IV – At Aldi
Do you have a quarter?
I do, but thanks for asking.
So, I’ll get salami,
and what’s the other one?
Pep? pep? Pepperoni!
Gelato. Gelato, fun.
Oh, I thought those apples were on sale.
Don’t worry about me.
I’m in no hurry,
the curse of being retired.
Lyrics footnotes (the music was the main thing I could hear at the café, thus so many lyrics made it into my street poem)
1 “Royals” by Lorde
2 “Shake it Off” by Taylor Swift
3 “This is What You Came For” by Calvin Harris
4 “Don’t Stop the Music” by Rhianna
5 “Someone Like You” by Adele
I am participating in the March Slice of Life Challenge: A slice a day for all of March. Thank you, Two Writing Teachers!
14 thoughts on “March 22 – A Listening Date with Myself”
Denise, I am a notorious over-listener. I think I’ve assumed every teacher is. In nearly every class for years a student will tell some other student not to say what they didn’t want me to hear. of course, I always overheard those remarks. Anyway, I like this activity, and I think the library conversation might work well in an essay about the role of librarians w/ these conversation snippets used as support,
Love these found language poems. I call them eaves dropping. I love doing this – some of my best poems were composed this way. This idea frees the poet to pay attention to what is around her and find the essential, the necessary, the new. Wonderful!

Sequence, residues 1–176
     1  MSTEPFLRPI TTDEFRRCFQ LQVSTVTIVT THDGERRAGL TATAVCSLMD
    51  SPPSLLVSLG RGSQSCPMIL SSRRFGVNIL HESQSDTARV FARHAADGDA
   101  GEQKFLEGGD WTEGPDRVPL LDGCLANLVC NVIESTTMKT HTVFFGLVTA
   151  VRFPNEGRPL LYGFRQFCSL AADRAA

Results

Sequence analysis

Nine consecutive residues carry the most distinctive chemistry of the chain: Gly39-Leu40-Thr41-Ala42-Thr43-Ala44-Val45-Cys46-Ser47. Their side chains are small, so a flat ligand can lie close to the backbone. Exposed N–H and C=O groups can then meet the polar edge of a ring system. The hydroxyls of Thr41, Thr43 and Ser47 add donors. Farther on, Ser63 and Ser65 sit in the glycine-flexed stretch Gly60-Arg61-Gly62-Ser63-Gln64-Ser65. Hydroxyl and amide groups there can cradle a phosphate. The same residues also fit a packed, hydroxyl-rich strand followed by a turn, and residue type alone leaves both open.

I love the gathered lines. You are making me want to pay closer attention
Fascinating. I too enjoy listening to what people say in a public place. 😊 Next time I will make a note. Thank you.
So different – I’m impressed with how you even remembered all the things that were said. Did you write them down immediately on a piece of paper? record them? well done!!
Yes, Andrea, I wrote everything.
This reminds me of Nic Stone’s assembly. She told my students you need 3 things to be a writer – read lots, write lots and eaves drop lots! Thanks for first explaining your steps and then sharing your found poem!! #retirementtime
Denise, what a fantastic way to create poetry and to really listen. I love the tips here about how to do this. I cannot wait to try it out. Gosh, your poem is sooooooo incredibly fun! I absolutely adore it. I’m so glad I finally go the chance to log in today:)
Denise, thank you for sharing this poetry idea. It is new to me – and sounds like a lot of fun. Very meditative, I think, requiring you to be present in the conversations around you and not in your own head…quietly listening to the world. Very enjoyable poem!
Denise, I would have a blast doing this – both the collecting and writing. I would love to do this at botanical garden, Starbucks, and the nail salon. I am going to plan a morning for this. I love the poetry that came out of your listening.
What a fantastically creative jaunt! I love all the rhythms of life you captured here, Denise.
Thanks for the inspiration! I love when authors’s dialogue is spot on! This found poetry invites you into your day like a radio station tuning.
Love these found poems! I love to find poetry at school by listening – but I don’t know why I haven’t tried it many other places! Love your piece about it and the poems.
Denise, I compile lines in a Google Doc, too. Last week I bought myself some new reporters’ notebooks to write on the run. It takes too long on my phone!